Is artificial intelligence a threat? Experts weigh the risks
July 02, 2015
As several tech luminaries express worries about the future of AI, researchers met at a D.C. think tank to discuss whether advances could pose a threat.
David Stegon was a staff reporter for FedScoop and StateScoop from 2011-2014.
Cybersecurity leaders from throughout the world joined Symantec on Wednesday at the Washington Convention Center for the company’s annual government symposium to discuss ways to combat the cyber threat that endangers each person, company and government that goes online.
The event, which featured more than 1,300 attendees, aimed to tackle three key problems: how to handle the explosion of information on the web, the ever-changing threat landscape and the necessity of innovation in the public and private sectors.
"Each and every day, our public servants in government IT security and management play a critical role in securing our country's online information," said Gigi Schumm, vice president and general manager of Symantec's public sector organization. “The reality is that the security challenges are always moving. The world is getting flatter, and it's our duty to give them every tool to fight that threat.”
Steve Bennett, Symantec's new president and chief executive officer, said the company estimates a cyber crime happens around the world every 18 seconds, creating 1.5 million victims per day. That has created cyber crime into a $110 billion industry that continues to grow.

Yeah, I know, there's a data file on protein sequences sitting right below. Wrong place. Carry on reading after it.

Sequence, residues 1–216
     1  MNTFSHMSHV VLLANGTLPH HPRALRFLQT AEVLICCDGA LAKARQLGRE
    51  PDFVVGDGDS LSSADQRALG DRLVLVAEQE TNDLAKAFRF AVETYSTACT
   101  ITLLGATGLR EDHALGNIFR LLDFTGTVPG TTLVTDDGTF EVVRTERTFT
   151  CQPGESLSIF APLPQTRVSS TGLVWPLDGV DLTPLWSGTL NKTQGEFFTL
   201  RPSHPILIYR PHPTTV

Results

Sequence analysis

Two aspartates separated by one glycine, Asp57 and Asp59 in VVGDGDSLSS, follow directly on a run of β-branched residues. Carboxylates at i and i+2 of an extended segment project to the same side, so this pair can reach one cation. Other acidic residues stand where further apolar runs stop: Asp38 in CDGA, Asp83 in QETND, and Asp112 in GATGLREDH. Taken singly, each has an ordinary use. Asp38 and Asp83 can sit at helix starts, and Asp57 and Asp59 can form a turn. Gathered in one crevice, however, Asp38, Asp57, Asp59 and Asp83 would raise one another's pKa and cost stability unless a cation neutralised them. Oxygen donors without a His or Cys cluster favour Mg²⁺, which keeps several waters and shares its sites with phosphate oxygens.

“The ability to share information, quickly and with the right people, can bring countless cost savings, but with that comes the cost and challenges of protecting that information,” Bennett said. “It’s obvious this is a challenge that is here to stay, but one we can work together on to solve through collaboration, diligence and education forums like today.”
Gen. Keith Alexander, director of the National Security Agency and commander of the U.S. Cyber Command, gave an opening keynote where he said working together to fight cyber threats is no longer a nice-to-have, but a necessity.
"We can defend this space. But we're stuck at the starting line figuring out how we're going to do this," Alexander said. "That's going to be the push you see from the administration and Congress, and should be the push from business and the American people. We all have these devices. We all benefit by having secure devices that our children and grandchildren can get on and call from securely."
The urgency level continues to grow as more IT resources are distributed, Alexander said, noting the explosion of mobile device usage in both the public and private sectors.
"We need a defensible architecture," he said. "Thin, virtual cloud is key to our success in a couple of areas for DOD. We have a lot of mobile users. Securing mobile users is key to that future."
Symantec Public Sector Vice President and General Manager Gigi Schumm discuss the symposium with FedScoop.
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